Jackson County rescinds support of Lake George Project

Jackson County rescinds support of Lake George Project
Jackson County Board of Supervisors votes to rescind its support of the Lake George Project. (Photo Source: WLOX News)
The project would create 3,000 acres of lakes in George county by damming some of the tributaries that flow into the Pascagoula River. (Photo source: WLOX)
The project would create 3,000 acres of lakes in George county by damming some of the tributaries that flow into the Pascagoula River. (Photo source: WLOX)

JACKSON COUNTY, MS (WLOX) - In a 3-2 vote, the Jackson County Board of Supervisors voted Monday to rescind its support of the Lake George Project. District 5 supervisor Randy Bosarge said he made the motion after he heard from hundreds of people who do not support the project because of possible negative affects on the Pascagoula River.

The project would create 3,000 acres of lakes in George County by damming some of the tributaries that flow into the Pascagoula River. Though the project has become increasing controversial, Board President Melton Harris said the county should continue to support the project for its economic development possibilities.

But the majority of his fellow supervisors don't agree. They said they can still support George County without putting their name on anything.

People at the meeting who are against the project were happy with how the vote turned out.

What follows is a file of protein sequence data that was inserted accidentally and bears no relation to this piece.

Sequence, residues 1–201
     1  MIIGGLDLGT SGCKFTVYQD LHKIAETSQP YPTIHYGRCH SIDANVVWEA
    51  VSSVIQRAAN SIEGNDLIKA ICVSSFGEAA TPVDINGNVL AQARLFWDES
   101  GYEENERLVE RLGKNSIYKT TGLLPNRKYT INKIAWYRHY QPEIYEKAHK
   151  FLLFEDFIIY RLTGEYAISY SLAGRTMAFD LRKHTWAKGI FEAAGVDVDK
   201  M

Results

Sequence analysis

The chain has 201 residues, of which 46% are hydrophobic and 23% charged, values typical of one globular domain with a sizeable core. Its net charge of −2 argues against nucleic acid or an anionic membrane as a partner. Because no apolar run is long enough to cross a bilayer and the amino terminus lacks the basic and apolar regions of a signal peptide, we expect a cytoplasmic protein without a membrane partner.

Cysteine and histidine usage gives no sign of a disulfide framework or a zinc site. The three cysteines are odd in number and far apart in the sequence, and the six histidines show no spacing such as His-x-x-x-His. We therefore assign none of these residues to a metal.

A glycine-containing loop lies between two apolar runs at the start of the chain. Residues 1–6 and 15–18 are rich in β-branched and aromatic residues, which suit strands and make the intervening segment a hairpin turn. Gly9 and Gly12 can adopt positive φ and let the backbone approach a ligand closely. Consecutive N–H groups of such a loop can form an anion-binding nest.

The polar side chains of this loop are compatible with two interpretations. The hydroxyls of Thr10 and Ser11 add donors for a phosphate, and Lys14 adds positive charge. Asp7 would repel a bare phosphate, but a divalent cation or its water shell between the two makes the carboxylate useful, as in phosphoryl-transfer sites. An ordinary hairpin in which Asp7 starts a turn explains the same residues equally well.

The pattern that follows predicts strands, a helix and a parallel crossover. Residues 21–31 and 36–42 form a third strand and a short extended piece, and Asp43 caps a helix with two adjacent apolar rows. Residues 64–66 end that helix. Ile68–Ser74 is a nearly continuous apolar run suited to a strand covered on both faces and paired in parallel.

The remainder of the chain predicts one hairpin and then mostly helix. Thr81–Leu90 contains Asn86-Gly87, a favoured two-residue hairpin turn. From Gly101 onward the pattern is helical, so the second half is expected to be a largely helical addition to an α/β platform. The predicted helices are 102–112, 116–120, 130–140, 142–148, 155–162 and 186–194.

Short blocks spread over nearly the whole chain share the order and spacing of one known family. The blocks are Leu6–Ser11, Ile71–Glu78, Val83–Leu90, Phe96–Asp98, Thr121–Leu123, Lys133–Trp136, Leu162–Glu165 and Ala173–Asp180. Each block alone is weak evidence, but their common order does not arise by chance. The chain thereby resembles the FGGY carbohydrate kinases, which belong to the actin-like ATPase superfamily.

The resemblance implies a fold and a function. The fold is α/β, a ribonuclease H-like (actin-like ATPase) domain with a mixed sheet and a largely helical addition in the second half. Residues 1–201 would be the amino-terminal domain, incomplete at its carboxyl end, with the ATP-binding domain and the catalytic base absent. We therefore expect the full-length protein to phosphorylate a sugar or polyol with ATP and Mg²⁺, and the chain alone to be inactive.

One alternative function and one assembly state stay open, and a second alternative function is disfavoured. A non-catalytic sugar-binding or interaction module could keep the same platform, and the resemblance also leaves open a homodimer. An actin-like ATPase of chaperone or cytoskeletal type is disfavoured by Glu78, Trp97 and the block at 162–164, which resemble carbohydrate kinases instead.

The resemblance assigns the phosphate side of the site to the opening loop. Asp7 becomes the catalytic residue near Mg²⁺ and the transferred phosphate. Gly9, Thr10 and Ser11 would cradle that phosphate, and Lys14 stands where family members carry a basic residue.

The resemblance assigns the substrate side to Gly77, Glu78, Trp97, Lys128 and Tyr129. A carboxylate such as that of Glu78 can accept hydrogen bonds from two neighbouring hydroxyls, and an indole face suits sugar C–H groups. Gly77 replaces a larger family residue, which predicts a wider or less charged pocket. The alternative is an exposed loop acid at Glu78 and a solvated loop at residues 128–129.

"I feel very good, very good. I think the election we held recently made a big difference because our previous supervisors were not thinking, were not paying attention, and did not care. And Jackson County needs to care about that river. That river is our life blood," said Steve Shepard the Gulf Coast Group Chair of the Sierra Club.

"The Pascagoula is your last free flowing river and it does not need to be dammed. There's too many scientists that have spoken against it, and it's for profit for George County and it will not help Jackson County," Maxine Ramsey said.

Board President Melton Harris said the next step for supervisors will be to send letters to George County Supervisors and the U.S. Army Corps of Engineers explaining the change of heart.

Larry McDonald, President of the George County Board of Supervisors, said Monday's vote sets a "disturbing precedent" and "threatens to undo a very positive six-year working relationship on this project." He released the following statement on the decision:

Let me be clear, the Lake George- Drought Resiliency Project will still move forward. Obviously, we will need to retool our original plan and that work will begin immediately.

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